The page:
SADC member states must maintain momentum towards integration

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SADC’s rallying call and motto is “Towards a common future”. This means member states share a common goal and a common vision to transform the region and the lives of their peoples. 

Thus member states are expected to work together in projects and programmes that ensure that this common vision is achieved.  This means countries must collaborate on identified projects that are aimed at transforming the region’s economies.

We therefore call upon the SADC leaders to keep this momentum towards regional integration and development as they meet for their 39th Ordinary Summit in Dar es Salaam, Tanzania, next week.

We also expect the leaders to take stock of developments since the last summit in Windhoek, Namibia, last year, and push for the implementation of agreed programmes. We believe the region has over the years come up with sound policies which are aimed at developing member countries’ economies for the betterment of their peoples.  

This year’s summit will run under the theme “A Conducive Environment for Inclusive and Sustainable Industrial Development, Increased Intra-Regional Trade and Job Creation”.   The leaders are therefore expected to deliberate on a wide range of issues, including reviewing progress made towards achieving the longstanding vision of a united, prosperous and integrated region.

A prosperous SADC is not only good for the Southern African region, but the entire African continent.  As we have said before, the region is endowed with vast natural resources which can be used to turn around the fortunes of its people.

What is needed is proper co-ordination on the exploitation of these resources. We believe there is more that unites the region than that which divides it and that the 16-member trading bloc needs to pull together towards their common vision.  Already, Namibia has shown that there is more that can be achieved by countries working together.  Windhoek has provided dry ports facilities to neighbours and landlocked Botswana, Zambia and Zimbabwe in a good gesture aimed at facilitating regional integration and easing trade with and by its neighbours and the international community.

The recent commissioning of the new container terminal at the Port of Walvis Bay, we believe, is a huge leap forward towards the complete integration of the SADC region. Added to that is the proposal to build a railway line linking the port to fellow SADC member states. 

This is in line with the region’s common policy on infrastructure development and industrialisation strategy and roadmap.  Infrastructure projects are the backbone that will lift SADC nations and we believe working together in developing ports, railways, roads, water infrastructure and power generation, the region will uplift the lives of its people.  

There is therefore no reason why SADC countries should not work together on identified projects. The guiding principle of a common vision must lead member states in whatever projects they pursue. The rallying call must be unity of purpose.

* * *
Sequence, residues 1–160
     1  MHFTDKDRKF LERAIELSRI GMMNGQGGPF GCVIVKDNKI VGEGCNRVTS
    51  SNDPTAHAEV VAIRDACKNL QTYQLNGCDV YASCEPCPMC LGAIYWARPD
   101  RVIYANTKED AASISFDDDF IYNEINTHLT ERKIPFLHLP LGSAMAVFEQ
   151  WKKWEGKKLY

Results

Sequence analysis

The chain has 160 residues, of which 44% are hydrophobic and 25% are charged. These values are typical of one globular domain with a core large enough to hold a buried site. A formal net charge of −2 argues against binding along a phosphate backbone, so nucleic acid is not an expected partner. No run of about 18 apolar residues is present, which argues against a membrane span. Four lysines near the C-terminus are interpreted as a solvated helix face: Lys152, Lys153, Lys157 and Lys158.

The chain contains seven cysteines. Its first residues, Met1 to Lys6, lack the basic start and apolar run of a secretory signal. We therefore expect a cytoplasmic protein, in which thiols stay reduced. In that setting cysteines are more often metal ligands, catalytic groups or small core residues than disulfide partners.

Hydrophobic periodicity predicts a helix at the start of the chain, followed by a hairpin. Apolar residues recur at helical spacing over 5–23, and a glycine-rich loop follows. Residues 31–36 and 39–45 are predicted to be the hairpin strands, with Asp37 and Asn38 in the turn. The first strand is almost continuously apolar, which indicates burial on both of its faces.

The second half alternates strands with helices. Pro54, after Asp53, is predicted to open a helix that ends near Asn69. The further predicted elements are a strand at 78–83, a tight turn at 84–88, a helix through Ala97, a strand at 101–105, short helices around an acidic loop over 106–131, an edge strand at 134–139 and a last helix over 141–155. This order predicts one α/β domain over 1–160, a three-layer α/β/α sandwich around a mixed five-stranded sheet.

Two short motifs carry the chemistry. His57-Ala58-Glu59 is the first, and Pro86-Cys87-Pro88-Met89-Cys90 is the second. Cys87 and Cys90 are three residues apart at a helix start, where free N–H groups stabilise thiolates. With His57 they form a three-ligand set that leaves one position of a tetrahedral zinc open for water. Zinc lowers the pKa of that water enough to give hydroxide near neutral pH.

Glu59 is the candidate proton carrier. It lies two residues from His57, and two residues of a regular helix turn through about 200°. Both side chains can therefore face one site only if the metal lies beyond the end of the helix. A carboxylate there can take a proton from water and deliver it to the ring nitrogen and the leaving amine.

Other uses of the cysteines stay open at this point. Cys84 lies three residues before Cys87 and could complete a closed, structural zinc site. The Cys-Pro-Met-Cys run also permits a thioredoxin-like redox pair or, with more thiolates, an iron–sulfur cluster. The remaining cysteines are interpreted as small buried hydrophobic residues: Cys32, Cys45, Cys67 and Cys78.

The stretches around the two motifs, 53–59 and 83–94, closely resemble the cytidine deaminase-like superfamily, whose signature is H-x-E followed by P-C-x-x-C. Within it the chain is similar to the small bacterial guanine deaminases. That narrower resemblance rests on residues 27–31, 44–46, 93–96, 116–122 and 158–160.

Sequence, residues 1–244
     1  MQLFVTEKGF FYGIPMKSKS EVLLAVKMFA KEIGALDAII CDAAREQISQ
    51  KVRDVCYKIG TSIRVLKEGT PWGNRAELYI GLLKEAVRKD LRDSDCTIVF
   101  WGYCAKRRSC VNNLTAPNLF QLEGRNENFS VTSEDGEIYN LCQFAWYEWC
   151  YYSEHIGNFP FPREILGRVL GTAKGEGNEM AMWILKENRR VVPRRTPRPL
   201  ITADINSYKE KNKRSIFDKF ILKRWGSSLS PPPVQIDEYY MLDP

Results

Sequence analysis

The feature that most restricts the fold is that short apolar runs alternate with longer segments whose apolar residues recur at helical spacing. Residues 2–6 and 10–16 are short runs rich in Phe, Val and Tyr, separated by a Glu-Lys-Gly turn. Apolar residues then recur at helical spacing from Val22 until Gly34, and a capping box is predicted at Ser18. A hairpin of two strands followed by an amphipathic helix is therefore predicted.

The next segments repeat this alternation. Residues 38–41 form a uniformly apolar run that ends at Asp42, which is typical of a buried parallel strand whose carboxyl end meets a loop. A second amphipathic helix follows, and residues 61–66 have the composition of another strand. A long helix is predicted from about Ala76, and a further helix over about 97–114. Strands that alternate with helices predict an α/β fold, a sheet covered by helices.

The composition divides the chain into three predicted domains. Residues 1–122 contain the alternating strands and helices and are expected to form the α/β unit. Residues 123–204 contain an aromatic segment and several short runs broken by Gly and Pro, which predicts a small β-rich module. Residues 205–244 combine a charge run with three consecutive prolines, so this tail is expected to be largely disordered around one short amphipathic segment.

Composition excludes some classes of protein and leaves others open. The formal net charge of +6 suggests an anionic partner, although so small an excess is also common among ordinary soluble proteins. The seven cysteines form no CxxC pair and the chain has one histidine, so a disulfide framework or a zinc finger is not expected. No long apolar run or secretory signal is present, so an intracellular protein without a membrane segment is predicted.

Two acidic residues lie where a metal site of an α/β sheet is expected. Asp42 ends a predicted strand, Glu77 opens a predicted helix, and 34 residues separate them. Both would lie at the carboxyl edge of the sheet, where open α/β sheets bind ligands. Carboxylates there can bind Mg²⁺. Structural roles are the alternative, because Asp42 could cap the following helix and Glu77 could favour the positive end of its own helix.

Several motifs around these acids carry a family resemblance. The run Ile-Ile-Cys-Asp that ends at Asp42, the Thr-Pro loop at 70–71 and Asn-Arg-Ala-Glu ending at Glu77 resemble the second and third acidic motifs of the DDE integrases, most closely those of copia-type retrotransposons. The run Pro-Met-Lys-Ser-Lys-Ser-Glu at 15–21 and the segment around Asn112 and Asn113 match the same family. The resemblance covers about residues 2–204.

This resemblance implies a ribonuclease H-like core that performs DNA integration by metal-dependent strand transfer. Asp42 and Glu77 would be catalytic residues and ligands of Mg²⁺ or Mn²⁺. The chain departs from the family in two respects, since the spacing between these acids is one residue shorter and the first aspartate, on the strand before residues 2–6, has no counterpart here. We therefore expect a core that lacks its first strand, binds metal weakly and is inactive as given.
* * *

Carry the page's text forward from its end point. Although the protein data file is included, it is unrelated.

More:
As we report elsewhere in this issue, one of the major highlights of the summit will be a progress report on the implementation of the SADC Industrialisation Strategy and Roadmap 2015-2063, which was adopted in 2015 to unlock the industrial potential of the region.

Industrialisation is a top priority for Southern Africa, and since 2014 all SADC summits have focused on how the region can attain industrial development.

In this regard, the summit will receive a progress report on how member states are implementing various measures to accelerate economic growth through industrial development.

With the region being ravaged by drought, the leaders are expected to come up with measures to address food insecurity after a poor harvest during the 2018/19 agricultural season. Analysts say the SADC region has a cereal deficit of more than 5.4 million tonnes this year following subdued rainfall.  

Climate change, which has seen droughts and cyclones affecting the region, must therefore top the agenda of the summit, and leaders must come up with concrete strategies of addressing the ravages brought about by nature.   Thus leaders must address the bread and butter issues that affect citizens across the region.

Also crucial is the need to keep the momentum on ensuring that there is peace across the region.  It is commendable that SADC is one of the most peaceful RECs on the African continent.  But there is a need for this peace to be nurtured and preserved. Without peace, there will not be any economic development to talk about. 

Citizens across the region will next week be following with keen interest the summit deliberations hoping that the leaders will come up with sound solutions to challenges affecting them.  The people need jobs, food, proper health and sanitation facilities, clean water, adequate power, telecommunications, and good roads, railways, and air links to enable them to travel feels and go about their business.  This is in line with the African Continental Free Trade Area (AfCFTA) and the continental blueprint Agenda 2063.       

 

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